Testing the digital yuan at the Beijing Olympics proved

Testing the digital yuan at the Beijing Olympics proved extremely detrimental to Visa

The American company Visa has been the exclusive provider of electronic payments for the Olympic Games for several decades, but this time the service has to share the laurels with the electronic yuan (e-CNY), the official digital currency being tested in China.

Beijing National Stadium.  Image source: lionelccs / pixabay.com

Beijing National Stadium. Image source: lionelccs / pixabay.com

China has long been a pioneer in the digital payments market thanks to the country’s popular mobile services, Alipay and WeChat Pay. In fact, their popularity proved too great, because at one point cash seemed to be obsolete among the population, which caused great concern for the Chinese central bank, which began testing digital currencies in late 2019. However, at the Olympic Games, Visa cards were the only non-cash means of payment – the company acquired exclusive rights as a sponsor of the event.

All of this formally extends to the 2022 Olympics, now taking place in Beijing – the Alipay and WeChat Pay services have been banned. But not the electronic yuan. All outlets in the Olympic Village accept Visa and e-CNY cards, Chinese authorities said. ATMs are installed in the facilities, where guests of the event can exchange cash for electronic money, which is loaded on a plastic card. Those wishing to exchange large amounts can load e-CNY onto portable devices, and e-money has the same value as cash. The Chinese central bank sees no conflict with Visa’s interests as an Olympic sponsor, since e-CNY is considered the official means of payment and is effectively equivalent to cash.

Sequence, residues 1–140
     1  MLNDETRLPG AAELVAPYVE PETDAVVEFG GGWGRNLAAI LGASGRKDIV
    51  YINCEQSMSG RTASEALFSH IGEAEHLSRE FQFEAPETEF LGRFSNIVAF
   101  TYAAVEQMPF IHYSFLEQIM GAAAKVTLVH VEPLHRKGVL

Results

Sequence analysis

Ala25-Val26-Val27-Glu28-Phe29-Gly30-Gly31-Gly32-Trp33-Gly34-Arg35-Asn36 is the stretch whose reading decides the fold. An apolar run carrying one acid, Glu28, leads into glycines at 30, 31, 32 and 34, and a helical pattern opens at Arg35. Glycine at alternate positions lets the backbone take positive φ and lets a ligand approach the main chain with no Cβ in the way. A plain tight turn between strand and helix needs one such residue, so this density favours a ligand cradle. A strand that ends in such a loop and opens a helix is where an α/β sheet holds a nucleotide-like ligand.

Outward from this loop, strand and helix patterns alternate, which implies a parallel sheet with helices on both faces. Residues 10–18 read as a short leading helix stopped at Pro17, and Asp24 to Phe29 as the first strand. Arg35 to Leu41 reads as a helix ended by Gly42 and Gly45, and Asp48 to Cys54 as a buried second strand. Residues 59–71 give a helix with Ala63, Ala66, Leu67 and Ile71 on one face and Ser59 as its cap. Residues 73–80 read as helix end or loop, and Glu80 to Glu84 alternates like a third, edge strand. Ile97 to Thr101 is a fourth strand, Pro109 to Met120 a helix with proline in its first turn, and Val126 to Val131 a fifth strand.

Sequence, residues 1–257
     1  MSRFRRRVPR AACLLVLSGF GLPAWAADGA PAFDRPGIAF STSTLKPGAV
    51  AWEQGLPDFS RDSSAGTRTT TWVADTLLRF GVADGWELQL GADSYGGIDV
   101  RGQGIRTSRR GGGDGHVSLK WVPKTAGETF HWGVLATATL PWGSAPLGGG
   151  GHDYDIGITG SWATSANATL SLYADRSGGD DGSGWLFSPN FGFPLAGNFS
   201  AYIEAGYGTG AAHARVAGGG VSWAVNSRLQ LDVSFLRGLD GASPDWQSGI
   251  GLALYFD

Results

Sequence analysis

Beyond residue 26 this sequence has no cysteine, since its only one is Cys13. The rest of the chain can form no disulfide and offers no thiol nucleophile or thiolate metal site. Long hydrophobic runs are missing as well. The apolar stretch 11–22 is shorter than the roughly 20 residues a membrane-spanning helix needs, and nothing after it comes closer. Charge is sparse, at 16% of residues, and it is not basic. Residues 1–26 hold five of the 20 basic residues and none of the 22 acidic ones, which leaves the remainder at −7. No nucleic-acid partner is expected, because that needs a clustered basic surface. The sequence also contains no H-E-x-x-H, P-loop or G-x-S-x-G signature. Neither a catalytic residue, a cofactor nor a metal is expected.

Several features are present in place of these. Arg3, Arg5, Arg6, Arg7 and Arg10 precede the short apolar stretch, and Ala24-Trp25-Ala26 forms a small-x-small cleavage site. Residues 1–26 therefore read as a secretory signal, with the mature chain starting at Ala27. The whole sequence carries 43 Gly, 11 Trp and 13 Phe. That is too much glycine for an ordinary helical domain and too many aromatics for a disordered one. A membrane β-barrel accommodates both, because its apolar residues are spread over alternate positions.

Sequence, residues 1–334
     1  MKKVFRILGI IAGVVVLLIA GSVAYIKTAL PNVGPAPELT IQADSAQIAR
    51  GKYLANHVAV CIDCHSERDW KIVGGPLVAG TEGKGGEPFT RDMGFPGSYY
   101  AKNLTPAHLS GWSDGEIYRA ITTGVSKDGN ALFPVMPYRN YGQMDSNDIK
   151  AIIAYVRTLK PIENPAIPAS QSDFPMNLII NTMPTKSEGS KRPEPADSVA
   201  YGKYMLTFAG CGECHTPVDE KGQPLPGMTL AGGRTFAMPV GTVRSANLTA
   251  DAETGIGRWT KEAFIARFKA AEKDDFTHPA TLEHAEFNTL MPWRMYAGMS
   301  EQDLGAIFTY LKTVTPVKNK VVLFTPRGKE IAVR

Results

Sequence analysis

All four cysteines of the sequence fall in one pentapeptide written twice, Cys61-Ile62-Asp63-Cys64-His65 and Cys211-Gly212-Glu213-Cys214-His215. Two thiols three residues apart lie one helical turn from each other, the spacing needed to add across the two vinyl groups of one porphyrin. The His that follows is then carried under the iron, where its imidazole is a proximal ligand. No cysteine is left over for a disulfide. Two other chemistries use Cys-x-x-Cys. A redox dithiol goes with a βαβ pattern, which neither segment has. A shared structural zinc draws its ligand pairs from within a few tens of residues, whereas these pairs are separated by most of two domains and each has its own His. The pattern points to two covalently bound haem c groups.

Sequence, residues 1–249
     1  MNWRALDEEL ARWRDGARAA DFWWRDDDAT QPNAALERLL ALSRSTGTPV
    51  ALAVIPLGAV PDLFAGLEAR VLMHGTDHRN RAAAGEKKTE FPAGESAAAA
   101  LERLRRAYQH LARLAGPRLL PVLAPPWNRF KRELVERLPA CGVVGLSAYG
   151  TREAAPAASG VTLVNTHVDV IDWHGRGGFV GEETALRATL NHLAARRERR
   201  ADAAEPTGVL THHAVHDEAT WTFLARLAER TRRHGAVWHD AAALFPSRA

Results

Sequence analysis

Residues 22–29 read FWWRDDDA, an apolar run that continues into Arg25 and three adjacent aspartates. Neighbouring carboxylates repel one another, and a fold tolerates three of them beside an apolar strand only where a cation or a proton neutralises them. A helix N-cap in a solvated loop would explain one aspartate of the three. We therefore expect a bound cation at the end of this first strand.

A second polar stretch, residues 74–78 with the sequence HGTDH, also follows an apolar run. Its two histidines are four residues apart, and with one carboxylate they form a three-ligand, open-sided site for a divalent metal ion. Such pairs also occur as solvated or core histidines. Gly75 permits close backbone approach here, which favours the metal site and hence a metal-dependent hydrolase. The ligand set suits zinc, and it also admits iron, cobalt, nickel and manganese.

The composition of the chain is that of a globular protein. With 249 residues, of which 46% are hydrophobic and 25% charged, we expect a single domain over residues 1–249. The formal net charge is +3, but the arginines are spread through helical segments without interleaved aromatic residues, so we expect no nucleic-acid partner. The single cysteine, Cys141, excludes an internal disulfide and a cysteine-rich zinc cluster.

Chinese authorities have yet to officially announce the number of E-CNY transactions at the Olympic Village, but a Wall Street Journal source said shops at Beijing National Stadium (Bird’s Nest) saw much more digital yuan payments last Friday as a Visa cashless network.


About the author

Robbie Elmers

Robbie Elmers is a staff writer for Tech News Space, covering software, applications and services.

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